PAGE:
The only thing I absolutely hated was the preface from David Chang. He basically goes on to berate white Americans for not being able to eat noodles properly and thereby ruining his ramen. The guy sets up shop in NYC and has an incredible reputation as a Chef and doesn't expect to get a bunch of meatheaded, moronic Instagram hipsters that don't know what they are doing?

Living here in Seattle, I can walk into any no name pho joint that is filled with white folks slurping the noodles properly down like Asians. I realize that having David Chang's pompous preface will probably help sell some books, but man he's a dingleberry.
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18 of 20 people found the following review helpful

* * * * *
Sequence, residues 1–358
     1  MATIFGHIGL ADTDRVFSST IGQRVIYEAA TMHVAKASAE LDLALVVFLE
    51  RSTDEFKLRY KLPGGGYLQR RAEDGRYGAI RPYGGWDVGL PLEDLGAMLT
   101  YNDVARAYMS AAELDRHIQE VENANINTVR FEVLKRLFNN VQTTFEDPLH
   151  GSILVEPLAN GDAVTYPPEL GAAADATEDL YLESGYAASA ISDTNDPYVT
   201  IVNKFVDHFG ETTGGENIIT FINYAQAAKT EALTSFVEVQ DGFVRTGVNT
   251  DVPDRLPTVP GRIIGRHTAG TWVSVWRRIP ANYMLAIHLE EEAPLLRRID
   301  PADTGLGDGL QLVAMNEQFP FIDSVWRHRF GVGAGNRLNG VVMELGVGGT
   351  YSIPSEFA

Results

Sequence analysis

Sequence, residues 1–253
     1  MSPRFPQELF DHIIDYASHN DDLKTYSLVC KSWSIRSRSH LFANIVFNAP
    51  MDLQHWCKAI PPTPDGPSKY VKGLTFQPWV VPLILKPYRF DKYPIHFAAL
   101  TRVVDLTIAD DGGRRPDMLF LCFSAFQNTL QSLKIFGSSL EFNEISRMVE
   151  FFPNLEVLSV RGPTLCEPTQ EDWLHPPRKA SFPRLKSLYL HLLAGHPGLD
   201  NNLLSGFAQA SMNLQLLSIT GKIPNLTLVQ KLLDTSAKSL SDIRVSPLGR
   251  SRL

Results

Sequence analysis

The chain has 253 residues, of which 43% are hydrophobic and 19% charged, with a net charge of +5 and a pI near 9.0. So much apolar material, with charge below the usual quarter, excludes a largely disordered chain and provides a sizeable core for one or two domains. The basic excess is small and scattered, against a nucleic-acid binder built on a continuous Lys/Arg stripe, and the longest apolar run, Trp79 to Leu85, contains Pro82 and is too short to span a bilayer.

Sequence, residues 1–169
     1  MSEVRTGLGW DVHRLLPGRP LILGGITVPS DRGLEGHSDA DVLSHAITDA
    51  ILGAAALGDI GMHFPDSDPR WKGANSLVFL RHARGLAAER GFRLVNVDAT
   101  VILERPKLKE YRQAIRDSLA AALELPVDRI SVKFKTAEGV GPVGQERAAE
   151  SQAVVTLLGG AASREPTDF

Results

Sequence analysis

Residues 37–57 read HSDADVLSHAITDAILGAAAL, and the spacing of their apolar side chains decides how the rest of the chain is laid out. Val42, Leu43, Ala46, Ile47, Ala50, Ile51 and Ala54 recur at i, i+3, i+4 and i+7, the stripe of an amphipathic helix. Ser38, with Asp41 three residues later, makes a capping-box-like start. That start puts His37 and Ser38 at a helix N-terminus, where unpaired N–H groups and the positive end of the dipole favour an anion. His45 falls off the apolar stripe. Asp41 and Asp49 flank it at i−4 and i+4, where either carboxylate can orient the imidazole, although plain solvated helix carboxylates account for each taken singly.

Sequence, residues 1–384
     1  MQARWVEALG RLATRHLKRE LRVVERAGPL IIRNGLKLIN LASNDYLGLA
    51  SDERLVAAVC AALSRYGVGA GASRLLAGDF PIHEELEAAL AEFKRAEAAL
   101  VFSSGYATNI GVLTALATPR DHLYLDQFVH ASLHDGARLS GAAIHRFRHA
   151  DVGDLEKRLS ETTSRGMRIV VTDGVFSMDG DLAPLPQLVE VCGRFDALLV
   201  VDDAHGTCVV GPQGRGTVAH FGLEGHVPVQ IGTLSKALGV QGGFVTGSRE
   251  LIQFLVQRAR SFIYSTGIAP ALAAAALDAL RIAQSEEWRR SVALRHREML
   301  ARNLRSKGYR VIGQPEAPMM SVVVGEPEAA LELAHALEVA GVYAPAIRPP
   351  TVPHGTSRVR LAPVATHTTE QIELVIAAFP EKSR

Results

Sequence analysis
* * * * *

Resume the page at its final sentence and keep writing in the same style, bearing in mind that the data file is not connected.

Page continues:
on November 26, 2013
Format: HardcoverVerified Purchase
Yes, the biography is a little gratuitous but he has to sell a book, and really...recipes on ramen and the leftovers wouldn't fill a book.
People are complaining that the ingredients are hard to source and takes too long to make? Uh. This is the reason why ramen is $9-11 a bowl. If you spread the process out through several days, it's very manageable. Most of the stuff you can leave it alone on the stove or oven. It's not like a risotto or a roux where you have to stir every second.
What the heck are people expecting? Good ramen is simple, but not easy to make.

If you can't find shaved bonito or dried fish at your local Asian or Japanese supermarket there are MANY online sources where you can buy it.
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10 of 10 people found the following review helpful
on March 16, 2014
Format: Kindle EditionVerified Purchase